The Mobile Web: Information Indigestion

BucketWhilst recently trapped in a private hospital room with my two-year-old son for 10 days I was provided the opportunity to experiment with the mobile web. That is, rather, I was forced to endure the eye-aching limits of the tiny screen on my Treo smartphone and the painfully lethargic data transfer rates of Bell’s 1X network just to get my daily fix of the web.

This was something of a novelty for me as, living in the Yukon, I don’t have access to an internet-capable digital cell network.

(Apparently, according to a variety of sales people I’ve quizzed at the Bell Store in Whitehorse over the last few years, a local 1X network is “coming soon” and “they’re working on it.” And if you check Bell’s web site, according to the coverage map, it’s here already. All the same, I won’t hold my breath.)

So my entrapment in a medical facility located within a 1X area, as unfortunate as the circumstances were, gave me ample excuse to indulge.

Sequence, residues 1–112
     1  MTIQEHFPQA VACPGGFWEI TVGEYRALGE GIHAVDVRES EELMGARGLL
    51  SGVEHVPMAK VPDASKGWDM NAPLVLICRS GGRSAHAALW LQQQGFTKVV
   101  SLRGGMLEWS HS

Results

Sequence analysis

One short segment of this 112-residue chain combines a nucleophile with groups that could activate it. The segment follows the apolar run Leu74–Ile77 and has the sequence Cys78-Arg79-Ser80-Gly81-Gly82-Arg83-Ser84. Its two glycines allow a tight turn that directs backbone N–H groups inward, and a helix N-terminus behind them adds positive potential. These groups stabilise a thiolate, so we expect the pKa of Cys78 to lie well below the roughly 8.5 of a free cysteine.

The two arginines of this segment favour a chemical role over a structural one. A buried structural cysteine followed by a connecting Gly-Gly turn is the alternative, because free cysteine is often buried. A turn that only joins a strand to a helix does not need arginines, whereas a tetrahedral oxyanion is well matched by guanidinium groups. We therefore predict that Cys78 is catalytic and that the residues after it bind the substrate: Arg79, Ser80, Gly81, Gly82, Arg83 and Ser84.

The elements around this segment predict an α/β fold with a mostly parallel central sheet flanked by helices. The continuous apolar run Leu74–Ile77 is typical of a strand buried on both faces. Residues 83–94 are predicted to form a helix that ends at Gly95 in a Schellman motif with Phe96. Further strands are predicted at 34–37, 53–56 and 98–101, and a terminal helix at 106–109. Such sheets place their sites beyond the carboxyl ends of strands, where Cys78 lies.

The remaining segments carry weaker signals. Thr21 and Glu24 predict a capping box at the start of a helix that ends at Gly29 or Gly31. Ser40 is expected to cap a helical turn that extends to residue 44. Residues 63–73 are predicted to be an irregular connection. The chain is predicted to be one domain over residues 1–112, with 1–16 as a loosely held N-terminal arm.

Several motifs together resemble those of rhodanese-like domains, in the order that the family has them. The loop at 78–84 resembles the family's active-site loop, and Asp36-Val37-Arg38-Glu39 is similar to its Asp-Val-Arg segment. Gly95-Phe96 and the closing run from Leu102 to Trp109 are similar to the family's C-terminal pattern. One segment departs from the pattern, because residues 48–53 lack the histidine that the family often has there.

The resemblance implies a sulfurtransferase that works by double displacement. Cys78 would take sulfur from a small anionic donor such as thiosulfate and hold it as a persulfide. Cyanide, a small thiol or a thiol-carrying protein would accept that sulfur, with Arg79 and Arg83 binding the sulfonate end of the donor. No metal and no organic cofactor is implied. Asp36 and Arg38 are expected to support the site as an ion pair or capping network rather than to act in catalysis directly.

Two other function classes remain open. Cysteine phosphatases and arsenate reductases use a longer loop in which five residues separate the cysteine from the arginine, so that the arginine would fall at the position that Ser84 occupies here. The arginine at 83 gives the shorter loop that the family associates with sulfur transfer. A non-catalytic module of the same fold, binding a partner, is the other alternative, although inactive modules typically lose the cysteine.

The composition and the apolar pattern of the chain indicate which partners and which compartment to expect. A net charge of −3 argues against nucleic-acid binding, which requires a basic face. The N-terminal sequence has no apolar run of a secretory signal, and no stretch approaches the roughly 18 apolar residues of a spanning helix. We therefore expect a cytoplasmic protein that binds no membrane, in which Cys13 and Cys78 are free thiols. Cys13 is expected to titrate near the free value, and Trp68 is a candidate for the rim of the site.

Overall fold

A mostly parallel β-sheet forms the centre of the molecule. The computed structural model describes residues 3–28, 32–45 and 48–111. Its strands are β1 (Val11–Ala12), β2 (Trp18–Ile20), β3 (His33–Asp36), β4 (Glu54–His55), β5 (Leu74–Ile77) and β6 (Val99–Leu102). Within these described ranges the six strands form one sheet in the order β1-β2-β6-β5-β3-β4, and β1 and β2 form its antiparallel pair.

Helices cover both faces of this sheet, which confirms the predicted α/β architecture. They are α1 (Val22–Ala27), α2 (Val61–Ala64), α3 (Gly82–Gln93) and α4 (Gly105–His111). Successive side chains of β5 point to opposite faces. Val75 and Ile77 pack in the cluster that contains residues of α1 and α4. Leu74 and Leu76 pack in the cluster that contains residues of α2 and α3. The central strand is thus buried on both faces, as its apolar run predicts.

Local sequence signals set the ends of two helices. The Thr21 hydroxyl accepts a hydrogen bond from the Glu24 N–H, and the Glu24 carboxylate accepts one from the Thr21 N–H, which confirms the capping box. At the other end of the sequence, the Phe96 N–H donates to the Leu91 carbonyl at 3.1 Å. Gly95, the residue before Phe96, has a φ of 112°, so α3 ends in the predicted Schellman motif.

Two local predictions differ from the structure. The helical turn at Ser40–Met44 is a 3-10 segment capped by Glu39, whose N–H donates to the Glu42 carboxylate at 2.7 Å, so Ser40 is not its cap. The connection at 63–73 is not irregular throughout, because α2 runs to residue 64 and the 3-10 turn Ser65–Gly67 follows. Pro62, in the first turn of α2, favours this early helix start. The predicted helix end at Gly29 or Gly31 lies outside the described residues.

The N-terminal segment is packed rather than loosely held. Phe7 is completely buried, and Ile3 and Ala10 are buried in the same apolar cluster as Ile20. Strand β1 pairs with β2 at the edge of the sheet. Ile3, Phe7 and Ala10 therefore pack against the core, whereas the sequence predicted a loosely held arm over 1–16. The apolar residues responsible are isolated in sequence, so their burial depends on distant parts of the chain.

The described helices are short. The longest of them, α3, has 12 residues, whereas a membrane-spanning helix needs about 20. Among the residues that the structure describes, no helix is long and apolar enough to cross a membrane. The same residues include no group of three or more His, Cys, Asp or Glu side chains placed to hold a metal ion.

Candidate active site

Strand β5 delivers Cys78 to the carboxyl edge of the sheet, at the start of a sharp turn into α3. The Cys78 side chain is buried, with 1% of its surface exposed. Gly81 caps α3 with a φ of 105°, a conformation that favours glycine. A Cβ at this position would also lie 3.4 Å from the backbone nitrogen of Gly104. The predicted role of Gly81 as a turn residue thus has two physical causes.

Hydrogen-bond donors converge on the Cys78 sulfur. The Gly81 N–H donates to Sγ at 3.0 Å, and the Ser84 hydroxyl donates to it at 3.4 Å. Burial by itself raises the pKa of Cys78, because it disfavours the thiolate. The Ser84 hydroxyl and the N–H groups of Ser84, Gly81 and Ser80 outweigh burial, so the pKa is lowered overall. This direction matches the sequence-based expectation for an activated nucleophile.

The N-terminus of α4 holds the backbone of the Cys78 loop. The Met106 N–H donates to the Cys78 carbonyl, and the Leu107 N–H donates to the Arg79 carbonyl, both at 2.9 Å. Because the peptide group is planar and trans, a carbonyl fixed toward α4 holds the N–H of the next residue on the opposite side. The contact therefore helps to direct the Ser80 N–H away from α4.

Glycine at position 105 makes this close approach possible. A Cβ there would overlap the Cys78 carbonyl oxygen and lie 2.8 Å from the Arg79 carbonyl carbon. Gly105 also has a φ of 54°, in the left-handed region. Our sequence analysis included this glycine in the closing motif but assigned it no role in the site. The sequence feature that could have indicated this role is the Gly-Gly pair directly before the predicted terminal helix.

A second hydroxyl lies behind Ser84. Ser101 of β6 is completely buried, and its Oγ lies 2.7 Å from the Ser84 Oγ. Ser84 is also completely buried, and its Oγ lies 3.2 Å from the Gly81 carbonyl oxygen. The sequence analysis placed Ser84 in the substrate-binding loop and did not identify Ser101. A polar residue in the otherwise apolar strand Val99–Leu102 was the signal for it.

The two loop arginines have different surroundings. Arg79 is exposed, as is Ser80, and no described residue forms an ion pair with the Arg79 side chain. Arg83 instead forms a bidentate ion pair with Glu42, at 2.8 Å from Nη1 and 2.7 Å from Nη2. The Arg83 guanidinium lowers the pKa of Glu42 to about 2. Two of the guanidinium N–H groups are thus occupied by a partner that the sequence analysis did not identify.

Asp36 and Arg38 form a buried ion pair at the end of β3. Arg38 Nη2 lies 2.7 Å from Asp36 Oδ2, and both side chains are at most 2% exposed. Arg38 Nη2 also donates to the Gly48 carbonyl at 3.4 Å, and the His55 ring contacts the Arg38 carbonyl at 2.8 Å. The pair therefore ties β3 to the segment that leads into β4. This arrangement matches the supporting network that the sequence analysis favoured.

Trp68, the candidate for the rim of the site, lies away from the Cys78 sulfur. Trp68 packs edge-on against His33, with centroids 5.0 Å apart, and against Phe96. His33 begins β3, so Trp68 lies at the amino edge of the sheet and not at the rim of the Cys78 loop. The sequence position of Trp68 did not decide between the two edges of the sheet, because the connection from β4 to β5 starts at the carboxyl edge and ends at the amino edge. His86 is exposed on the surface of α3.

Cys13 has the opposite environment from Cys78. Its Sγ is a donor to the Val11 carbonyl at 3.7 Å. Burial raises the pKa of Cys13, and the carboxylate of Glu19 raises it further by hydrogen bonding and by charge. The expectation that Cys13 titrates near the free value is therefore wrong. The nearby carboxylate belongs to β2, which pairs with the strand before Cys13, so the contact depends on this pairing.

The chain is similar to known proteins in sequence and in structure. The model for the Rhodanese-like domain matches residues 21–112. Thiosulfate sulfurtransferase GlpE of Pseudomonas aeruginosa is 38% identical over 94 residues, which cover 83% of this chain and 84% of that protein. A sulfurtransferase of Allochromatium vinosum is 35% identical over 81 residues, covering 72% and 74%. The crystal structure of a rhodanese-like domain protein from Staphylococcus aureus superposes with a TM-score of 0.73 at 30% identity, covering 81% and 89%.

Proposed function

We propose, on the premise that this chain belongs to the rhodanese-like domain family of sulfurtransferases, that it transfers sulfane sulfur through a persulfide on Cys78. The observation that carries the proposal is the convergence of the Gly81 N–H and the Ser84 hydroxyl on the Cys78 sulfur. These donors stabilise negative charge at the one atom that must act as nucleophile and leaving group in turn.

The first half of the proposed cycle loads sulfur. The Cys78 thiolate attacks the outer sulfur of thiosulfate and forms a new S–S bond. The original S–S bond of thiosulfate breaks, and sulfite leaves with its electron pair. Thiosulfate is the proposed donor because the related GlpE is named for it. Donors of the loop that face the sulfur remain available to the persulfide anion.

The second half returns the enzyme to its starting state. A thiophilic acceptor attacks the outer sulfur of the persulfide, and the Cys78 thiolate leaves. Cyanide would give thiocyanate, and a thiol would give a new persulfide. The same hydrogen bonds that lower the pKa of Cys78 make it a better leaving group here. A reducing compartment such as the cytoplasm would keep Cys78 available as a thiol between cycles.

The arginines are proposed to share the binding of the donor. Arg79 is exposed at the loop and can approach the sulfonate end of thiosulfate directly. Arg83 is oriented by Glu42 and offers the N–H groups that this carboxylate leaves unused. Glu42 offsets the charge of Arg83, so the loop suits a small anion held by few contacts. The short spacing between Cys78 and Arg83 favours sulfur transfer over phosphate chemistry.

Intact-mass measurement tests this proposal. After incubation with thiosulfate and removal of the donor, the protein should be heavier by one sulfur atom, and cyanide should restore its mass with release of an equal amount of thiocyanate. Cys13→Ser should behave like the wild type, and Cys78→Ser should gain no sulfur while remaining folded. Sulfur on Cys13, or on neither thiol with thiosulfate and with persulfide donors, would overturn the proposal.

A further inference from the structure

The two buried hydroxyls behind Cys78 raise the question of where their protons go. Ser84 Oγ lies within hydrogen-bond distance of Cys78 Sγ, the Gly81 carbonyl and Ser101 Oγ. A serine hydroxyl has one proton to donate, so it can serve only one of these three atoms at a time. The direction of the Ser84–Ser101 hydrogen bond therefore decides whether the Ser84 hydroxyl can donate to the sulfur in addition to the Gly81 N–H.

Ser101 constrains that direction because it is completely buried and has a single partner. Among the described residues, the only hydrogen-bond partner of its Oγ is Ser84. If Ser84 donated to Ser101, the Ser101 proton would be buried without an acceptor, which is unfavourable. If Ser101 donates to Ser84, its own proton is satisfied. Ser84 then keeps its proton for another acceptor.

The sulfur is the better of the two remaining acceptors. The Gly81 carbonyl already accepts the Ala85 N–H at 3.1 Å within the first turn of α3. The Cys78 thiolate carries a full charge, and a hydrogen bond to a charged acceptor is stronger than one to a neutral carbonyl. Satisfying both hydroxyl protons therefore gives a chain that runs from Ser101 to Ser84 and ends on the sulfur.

Or maybe “indulge” is the wrong word…

The web on your cell phone is like having a bucket of KFC chicken all to yourself when you’re really hungry. At first, it smells awesome and it sure looks tasty, so you dig in. The first few bites are yummy, a little greasy maybe, but it’s not often you get to sample the Colonel’s secret recipe (unless you have a heart-attack-death-wish, that is).

By the time you manage to choke down the last bite of that first piece, though, you’re starting to feel a little nauseous. But you carry on, eating piece after piece in the bucket, working hard to satisfy your craving. You know you’ll regret it hours later when the poultry sludge will crudely works its way through your distraught bowels, but right now, the crunchy, fatty, juicy flesh is so satisfying.

Like the aroma that permeates the neighbourhood around a KFC outlet, the mobile web, in concept, is mighty enticing. Ready access to news, information, and webmail on your cell phone, what could be cooler than that? Unfortunately, it doesn’t take long for information indigestion to set in, and the bill at month’s end is the financial equivalent of Montezuma’s Revenge.